The Surveyor’s Chain
The surveyor’s or land chain was invented by Reverend Edmund Gunter in 1620. An interest in geometry led Gunter to develop a method of sea surveying that used triangulation to calculate distance. Linear measurements were taken between topographical features, for example corners of a field, and using triangulation, the field or other space could be plotted and its area calculated. A chain 66 feet long, with intermediate measurements marked, was used for this purpose. This chain became known as Gunter’s chain and the length of 66 ft. became known as a “chain”.
The chain contains 100 links, each measuring 7.92 inches. The length of the chain is equal to 4 rods, which measures 22 yards, or 66 feet. A mile is 80 chains in length. A furlong is 10 chains in length.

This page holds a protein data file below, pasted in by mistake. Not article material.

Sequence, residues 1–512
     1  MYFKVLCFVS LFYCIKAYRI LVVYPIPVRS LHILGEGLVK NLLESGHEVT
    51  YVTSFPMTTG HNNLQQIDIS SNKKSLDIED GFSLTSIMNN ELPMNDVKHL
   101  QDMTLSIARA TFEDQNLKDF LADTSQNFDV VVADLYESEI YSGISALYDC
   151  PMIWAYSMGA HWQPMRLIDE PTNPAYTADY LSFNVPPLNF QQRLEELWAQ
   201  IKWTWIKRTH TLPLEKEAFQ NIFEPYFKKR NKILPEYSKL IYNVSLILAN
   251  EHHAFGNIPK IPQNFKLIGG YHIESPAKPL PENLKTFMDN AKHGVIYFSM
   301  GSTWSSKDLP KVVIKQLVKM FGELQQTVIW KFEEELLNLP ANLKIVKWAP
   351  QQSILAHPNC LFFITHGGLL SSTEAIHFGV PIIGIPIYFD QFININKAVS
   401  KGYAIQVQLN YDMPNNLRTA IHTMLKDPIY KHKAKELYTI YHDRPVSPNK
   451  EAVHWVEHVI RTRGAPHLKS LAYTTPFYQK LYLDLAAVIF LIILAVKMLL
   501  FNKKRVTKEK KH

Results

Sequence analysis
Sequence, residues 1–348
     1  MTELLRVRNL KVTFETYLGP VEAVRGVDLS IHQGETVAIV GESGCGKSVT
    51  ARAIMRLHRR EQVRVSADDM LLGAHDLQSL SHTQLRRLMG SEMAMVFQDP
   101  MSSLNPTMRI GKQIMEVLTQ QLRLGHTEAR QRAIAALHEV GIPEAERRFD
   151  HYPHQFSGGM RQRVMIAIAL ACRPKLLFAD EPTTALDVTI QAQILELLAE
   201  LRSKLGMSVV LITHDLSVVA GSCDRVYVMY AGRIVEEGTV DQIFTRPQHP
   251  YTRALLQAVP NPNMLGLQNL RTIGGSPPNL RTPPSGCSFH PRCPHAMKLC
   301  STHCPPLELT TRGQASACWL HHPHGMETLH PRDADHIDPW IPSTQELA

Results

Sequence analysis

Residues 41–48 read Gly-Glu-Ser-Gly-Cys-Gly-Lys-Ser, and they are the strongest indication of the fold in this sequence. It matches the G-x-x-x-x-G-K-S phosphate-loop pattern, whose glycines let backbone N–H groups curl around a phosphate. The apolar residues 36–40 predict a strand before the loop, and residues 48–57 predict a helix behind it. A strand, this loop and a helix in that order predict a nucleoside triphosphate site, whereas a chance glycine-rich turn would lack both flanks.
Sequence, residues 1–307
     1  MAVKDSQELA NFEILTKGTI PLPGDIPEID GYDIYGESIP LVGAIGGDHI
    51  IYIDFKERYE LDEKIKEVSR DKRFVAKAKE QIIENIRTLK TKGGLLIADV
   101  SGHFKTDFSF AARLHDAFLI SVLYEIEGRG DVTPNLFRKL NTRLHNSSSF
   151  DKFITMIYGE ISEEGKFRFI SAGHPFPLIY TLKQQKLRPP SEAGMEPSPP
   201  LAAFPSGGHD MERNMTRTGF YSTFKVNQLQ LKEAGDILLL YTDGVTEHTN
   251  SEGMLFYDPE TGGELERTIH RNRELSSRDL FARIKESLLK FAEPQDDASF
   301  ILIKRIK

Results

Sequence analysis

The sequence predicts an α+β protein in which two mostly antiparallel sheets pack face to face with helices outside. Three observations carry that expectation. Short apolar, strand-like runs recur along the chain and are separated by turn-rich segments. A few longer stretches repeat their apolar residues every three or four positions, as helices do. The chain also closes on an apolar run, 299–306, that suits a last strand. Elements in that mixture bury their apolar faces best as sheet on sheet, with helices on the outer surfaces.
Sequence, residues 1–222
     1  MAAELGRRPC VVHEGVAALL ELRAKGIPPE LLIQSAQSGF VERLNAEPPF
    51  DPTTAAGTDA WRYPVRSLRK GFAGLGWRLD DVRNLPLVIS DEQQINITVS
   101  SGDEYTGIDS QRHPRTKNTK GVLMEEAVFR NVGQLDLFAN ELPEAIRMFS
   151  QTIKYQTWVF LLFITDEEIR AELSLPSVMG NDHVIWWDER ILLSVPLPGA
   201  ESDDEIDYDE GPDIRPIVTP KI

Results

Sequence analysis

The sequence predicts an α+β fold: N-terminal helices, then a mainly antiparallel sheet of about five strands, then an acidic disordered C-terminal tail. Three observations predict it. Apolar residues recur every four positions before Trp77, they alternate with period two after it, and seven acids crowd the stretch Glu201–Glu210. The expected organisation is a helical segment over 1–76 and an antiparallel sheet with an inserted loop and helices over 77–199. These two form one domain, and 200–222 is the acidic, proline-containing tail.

A legal acre contains 10 square chains, 4840 square yards, 43,560 square feet, or 100,000 square links.
Tallies or tally pins are used with a chain to mark measurements. These brass tallies have one, two, three, or four notches to mark ten, twenty, thirty or forty links from either end. A rounded tally at the fiftieth link distinguishes it from the others.
One of the earliest surveying tools was the theodolite. The first mention of the theodolite was found in the surveying text, Pantometria, written in 1571 by Thomas Digges. A theodolite is an instrument that resembles a small telescope mounted on a tripod.
The device can be used to calculate the distance from its location to a specified point. Surveyors still use this tool to measure the land today. They look through the eyepiece of the theodolite which contains mirrors and a small, etched piece of glass to measure distance and gather the information needed to triangulate the property. This device was the most widely used piece of surveying equipment for 200 years until the invention of the total station in the 1970s.